Articles ostensibly written by these individuals would be inserted on “international and regional quality news sites,” and “regular slots with media outlets supported via our other activities,” including state broadcasters and private sector platforms, would also be provided.
Securing those slots would likely be easy, given Zinc also pledged to provide comprehensive covert support to state broadcasters in the Baltic region.
Ironically, the company noted it was presently “hard” for such stations to reach Russophone audiences, given the widespread perception they are transmitting “propaganda”. An example of this shortfall offered was the Russian-language channel of Estonia’s ETV+ having a mere 1.1% viewership reach among the country’s Russian-speakers – a grand total of approximately 4,000 people.
“In order to grow this audience, we need to equip [state broadcasters] to thrive… by connecting them with the platforms, brands and influencers this audience already follows,” Zinc pledged.
This wide-ranging activity would see the company help the stations “work with influencers and independent production companies to develop in-house content labs to generate ‘social-first’ content,” in respect of local business, travel, sports, music, social affairs, and female-orientated programming.
“We will work with commissioners to identify young Russian speaking talent in the online influencer, stand-up comedy and social commentary spaces,” the contractor also wrote. “They will be supported to develop three content ideas and pilots each, which will then go live on the [broadcaster’s] social channels and on-demand services to test audience responses and viability.”
Successful programming produced by the connivance would then be broadcast, alongside “other content produced by FCO funded projects,” via on-demand services with “significant following amongst Russian speakers.” Two such platforms identified by Zinc were Megogo and Helio iTV – presumably, their viewers comprised a large number of “hunter-gatherers.”
‘Intense and tailored’
It’s not clear if Zinc’s proposal was taken up by the FCDO, but other files related to its pitch make amply clear the company has long been engaged in information warfare efforts targeted at Russia, at London’s direction.
In 2017 for instance, the company developed and managed the FCDO-funded Baltic Media Accelerator, in order to “equip smaller media outlets across the Baltics with the skills and tools to increase demand for locally resonant Russian-language content.” Under its auspices, Estonia’s Radio 4, Latvia’s HelloSolyanka and Lithuania’s Nanook received four months of “intense and tailored” training and support from Zinc.
“As a result, HelloSolyanka increased their monthly revenue by 202 percent by implementing a business plan for a new online and offline media product,” Zinc bragged. “Nanook received grants from the Lithuanian Ministry of Culture as well as Oregon University for their innovative model to reach local minorities with storytelling, and Radio 4 successfully pitched their new business and radio format KISA FM to err.ee.”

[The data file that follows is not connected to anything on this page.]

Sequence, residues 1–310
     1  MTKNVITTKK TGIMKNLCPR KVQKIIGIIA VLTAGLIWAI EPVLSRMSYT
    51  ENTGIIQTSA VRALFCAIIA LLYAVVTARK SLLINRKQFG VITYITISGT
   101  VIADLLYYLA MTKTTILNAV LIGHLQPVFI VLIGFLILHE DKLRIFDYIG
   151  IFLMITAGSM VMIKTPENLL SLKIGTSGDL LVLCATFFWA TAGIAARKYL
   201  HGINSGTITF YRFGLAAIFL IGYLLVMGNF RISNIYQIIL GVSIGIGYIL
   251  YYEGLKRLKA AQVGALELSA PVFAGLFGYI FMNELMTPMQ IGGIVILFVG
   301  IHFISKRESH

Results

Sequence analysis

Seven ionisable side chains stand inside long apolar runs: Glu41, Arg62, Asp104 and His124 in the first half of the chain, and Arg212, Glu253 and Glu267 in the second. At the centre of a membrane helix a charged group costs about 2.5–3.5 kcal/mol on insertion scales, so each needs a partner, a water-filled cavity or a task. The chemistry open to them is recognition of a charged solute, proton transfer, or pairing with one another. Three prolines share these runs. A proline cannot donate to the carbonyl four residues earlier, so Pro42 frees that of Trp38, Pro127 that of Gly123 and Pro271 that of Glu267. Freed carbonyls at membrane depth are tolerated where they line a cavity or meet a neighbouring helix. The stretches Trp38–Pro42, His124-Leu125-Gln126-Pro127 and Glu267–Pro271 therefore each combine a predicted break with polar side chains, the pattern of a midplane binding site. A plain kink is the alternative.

Similarly, it’s clear Zinc manages a vast clandestine nexus of online “influencers” in Russia and its near-abroad. These individuals are “identified and recruited” by the company on the basis of their “authenticity and standing with the groups we seek to impact,” and helped to craft “bespoke content to deliver messages that are both resonant and credible with specific audiences.”
An accompanying case study states that in Russia and Central Asia, Zinc supported 50 social media influencers “to challenge disinformation,” and established and trained “a network of investigative journalists in Russia working on corruption and governance issues.”
In Estonia and Latvia, Zinc also enlisted 12 Russian-speaking social media influencers, and helped them create and disseminate 28 pieces of video content, which “attracted an overwhelmingly positive response and achieved over 3.4 million views.” This subterfuge was said to represent “a successful strategic intervention.”
Moreover, from 2016-2018, the contractor conducted another FCDO operation targeting Russophone communities in the Baltics, among other things launching multi-platform social media brand ZAG, to distribute content produced by local online influencers to Russian-speaking communities.
ZAG’s social media accounts have mostly been deleted since, although Zinc alleges its YouTube channel at one point boasted over 17,000 subscribers, its 36 videos garnering around two million views.
Zinc’s own website reveals the company produced five TV series in the Baltics – “two of which are now in their second series, including the region’s first Russian-language children’s show.”
It’s unclear to which particular programming this passage refers, and indeed quite how many people watched the shows in question, although it’s certain that viewers – many of whom were very young indeed – had not the slightest clue as to Zinc’s ultimate goals in producing the content.
Similarly, one can only guess at the identities of the large number of Russian-speaking YouTubers, Instagram personalities, anti-corruption campaigners, and citizen journalists, in receipt of financing and orders from London.
It stands to reason, though, that at least some of the ‘grassroots’ figures who routinely crop up as local ‘experts’ in mainstream media reporting on the region will be effective agents of the British state, following a script prepared by Whitehall.
The FCDO and Zinc Networks have been approached for comment.
Like this story? Share it with a friend!
The statements, views and opinions expressed in this column are solely those of the author and do not necessarily represent those of RT.